While he doesn't work in Microsoft's Information Worker group, which oversees Office, Paoli does influence the development of the product. He's a co-creator of the XML data formatting standard, and as the senior director of XML architecture at Microsoft, he's involved with a wide range of products, including the development ofand the upcoming Longhorn edition of Windows.
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Earlier this week, Microsoft Chairman Bill Gates said Longhorn, due in 2006, will have a, code-named "Metro," that will be used to both print and share documents. Printers that support Metro will be able to render documents created in Longhorn more quickly and faithfully, while users will be able to share files without needing the application that created them.
Office is also getting a bigger dose of XML. Upcoming versions will make it easier for people with little training to automate multistep jobs, or work flows, such as processing an insurance claim. Many of these document-driven jobs today require software programmers to write code.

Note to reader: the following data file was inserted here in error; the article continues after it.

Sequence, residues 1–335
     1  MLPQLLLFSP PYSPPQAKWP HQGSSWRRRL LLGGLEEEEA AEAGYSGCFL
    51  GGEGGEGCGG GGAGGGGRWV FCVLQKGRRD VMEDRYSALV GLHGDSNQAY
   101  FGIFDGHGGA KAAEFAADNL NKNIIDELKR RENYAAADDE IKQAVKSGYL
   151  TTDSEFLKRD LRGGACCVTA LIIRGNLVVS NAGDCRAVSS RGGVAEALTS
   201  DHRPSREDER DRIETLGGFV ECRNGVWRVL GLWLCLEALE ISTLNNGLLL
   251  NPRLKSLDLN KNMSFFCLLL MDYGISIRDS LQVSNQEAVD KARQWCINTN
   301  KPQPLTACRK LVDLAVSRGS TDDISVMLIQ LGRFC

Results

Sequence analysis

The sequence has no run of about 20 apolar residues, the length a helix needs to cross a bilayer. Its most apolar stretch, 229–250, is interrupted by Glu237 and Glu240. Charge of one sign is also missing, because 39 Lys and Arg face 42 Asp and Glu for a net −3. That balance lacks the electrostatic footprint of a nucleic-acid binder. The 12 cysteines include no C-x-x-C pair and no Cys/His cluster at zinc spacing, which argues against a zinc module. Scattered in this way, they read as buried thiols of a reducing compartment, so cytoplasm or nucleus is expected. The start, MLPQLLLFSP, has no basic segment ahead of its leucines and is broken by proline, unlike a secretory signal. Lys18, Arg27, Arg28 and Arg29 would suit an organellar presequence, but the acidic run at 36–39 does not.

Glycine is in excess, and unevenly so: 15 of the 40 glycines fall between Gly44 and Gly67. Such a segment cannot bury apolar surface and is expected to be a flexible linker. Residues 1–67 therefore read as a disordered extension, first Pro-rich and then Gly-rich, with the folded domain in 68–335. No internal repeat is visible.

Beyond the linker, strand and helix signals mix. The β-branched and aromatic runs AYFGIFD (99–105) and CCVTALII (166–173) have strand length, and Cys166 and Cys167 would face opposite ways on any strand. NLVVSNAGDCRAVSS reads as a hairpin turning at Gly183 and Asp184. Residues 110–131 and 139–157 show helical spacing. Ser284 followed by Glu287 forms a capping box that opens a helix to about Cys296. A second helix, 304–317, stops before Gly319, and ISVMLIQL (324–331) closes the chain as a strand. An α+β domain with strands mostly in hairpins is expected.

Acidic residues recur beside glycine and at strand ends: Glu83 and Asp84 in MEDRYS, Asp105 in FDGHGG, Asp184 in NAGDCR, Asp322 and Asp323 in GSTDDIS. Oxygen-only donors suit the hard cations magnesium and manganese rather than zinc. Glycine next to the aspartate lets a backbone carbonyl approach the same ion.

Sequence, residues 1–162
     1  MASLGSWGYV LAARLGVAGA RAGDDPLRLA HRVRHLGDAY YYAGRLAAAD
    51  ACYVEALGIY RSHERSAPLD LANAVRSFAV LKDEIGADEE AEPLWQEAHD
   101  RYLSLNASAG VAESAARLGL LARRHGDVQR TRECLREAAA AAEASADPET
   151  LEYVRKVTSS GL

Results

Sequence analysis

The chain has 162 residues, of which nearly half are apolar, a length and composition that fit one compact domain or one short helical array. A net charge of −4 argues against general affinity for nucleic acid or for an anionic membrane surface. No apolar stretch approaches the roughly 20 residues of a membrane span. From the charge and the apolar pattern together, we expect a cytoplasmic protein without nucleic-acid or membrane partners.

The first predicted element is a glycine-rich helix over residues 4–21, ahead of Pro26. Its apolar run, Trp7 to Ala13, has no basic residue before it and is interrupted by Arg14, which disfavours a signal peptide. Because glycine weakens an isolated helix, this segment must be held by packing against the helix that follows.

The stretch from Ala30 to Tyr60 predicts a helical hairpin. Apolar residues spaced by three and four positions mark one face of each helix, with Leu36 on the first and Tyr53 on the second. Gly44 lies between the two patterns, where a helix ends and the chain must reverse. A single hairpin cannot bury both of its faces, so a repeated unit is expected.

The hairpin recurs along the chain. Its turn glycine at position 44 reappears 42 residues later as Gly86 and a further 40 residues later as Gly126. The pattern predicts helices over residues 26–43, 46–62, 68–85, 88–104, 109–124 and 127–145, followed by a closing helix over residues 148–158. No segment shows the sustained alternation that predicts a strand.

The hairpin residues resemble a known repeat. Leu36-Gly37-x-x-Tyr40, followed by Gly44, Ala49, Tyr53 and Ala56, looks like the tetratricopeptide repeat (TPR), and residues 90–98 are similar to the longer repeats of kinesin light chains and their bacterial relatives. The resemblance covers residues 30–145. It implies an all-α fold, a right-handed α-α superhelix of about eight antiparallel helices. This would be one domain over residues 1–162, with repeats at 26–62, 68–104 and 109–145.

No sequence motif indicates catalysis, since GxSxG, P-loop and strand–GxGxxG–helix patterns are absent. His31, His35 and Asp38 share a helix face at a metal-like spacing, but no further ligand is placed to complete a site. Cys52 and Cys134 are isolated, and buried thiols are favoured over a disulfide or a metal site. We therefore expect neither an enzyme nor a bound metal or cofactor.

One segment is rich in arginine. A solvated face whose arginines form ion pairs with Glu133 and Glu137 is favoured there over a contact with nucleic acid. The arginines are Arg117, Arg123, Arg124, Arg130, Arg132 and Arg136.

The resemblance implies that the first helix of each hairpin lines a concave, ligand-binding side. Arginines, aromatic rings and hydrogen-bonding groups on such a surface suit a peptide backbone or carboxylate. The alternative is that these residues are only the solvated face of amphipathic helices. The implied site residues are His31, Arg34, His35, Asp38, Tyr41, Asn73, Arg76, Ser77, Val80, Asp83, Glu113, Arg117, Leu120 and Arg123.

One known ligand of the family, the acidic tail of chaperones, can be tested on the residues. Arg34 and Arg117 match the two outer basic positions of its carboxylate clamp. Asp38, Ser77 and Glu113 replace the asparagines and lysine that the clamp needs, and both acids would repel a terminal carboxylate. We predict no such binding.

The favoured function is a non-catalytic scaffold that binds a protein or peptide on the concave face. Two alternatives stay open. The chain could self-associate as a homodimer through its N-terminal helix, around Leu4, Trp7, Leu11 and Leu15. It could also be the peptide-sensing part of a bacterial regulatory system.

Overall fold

"In general, the work flow business is going to use a lot (of XML), and there will be more simplicity for more users because the actual document is richer," Paoli said, without discussing specific features of Office 12, scheduled for release in 2006.
"If you have millions of documents in XML, this becomes a huge business opportunity for software companies to do better," he said.
Paoli predicts that within five years, 75 percent